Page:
Dark Hill on Asteroid Vesta

This video includes images from NASA's Dawn framing camera instrument. The hill is about 26 miles (42.5 kilometers) long by about 17 miles (28 kilometers wide), and appears to be sculpted by impact craters. Image credit: NASA / JPL-Caltech / UCLA / MPS / DLR / IDA / PSI.

Dawn launched in September 2007 and arrived at Vesta on July 15, 2011. Following a year at Vesta, the spacecraft will depart in July 2012 for the dwarf planet Ceres, where it will arrive in 2015.

Dawn's mission to Vesta and Ceres is managed by JPL for NASA's Science Mission Directorate in Washington. JPL is a division of the California Institute of Technology in Pasadena. Dawn is a project of the directorate's Discovery Program, managed by NASA's Marshall Space Flight Center in Huntsville, Ala. UCLA is responsible for overall Dawn mission science. Orbital Sciences Corp. in Dulles, Va., designed and built the spacecraft. The German Aerospace Center, the Max Planck Institute for Solar System Research, the Italian Space Agency and the Italian National Astrophysical Institute are international partners on the mission team.

More information about the Dawn mission is online at: and .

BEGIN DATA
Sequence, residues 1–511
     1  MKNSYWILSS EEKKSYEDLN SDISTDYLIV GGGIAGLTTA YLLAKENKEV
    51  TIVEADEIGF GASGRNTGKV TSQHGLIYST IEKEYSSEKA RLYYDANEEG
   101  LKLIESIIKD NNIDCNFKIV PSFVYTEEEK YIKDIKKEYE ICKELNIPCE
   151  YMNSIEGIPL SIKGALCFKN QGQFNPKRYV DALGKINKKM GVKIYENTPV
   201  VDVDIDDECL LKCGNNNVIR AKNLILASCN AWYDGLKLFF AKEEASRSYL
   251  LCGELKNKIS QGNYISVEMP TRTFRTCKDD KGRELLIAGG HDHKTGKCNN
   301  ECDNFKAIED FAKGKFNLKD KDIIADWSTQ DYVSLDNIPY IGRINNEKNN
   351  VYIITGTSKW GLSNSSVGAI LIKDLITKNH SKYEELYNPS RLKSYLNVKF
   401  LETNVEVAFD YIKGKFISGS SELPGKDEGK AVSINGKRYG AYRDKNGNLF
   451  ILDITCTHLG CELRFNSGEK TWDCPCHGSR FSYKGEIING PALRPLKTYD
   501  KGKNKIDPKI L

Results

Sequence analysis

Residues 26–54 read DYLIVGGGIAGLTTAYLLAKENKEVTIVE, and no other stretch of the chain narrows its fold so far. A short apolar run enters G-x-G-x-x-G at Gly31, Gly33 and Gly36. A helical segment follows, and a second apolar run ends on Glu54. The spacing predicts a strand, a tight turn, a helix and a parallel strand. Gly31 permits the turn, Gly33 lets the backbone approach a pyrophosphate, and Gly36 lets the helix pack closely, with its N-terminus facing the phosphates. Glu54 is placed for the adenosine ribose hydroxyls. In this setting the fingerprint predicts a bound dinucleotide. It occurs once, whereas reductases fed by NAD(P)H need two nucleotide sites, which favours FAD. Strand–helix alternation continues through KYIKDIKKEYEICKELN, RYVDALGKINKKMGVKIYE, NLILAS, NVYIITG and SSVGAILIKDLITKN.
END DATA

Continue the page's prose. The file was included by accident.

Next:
To follow the mission on Twitter, visit: .

Image (mentioned), Video (mentioned), Text, Credit: Jet Propulsion Laboratory / Priscilla Vega.

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lundi 5 décembre 2011

NASA's Kepler Mission Confirms Its First Planet in Habitable Zone of Sun-like Star

NASA - KEPLER Mission logo labeled.

Dec. 5, 2011

NASA's Kepler mission has confirmed its first planet in the "habitable zone," the region where liquid water could exist on a planet’s surface. Kepler also has discovered more than 1,000 new planet candidates, nearly doubling its previously known count. Ten of these candidates are near-Earth-size and orbit in the habitable zone of their host star. Candidates require follow-up observations to verify they are actual planets.

The newly confirmed planet, Kepler-22b, is the smallest yet found to orbit in the middle of the habitable zone of a star similar to our sun. The planet is about 2.4 times the radius of Earth. Scientists don't yet know if Kepler-22b has a predominantly rocky, gaseous or liquid composition, but its discovery is a step closer to finding Earth-like planets.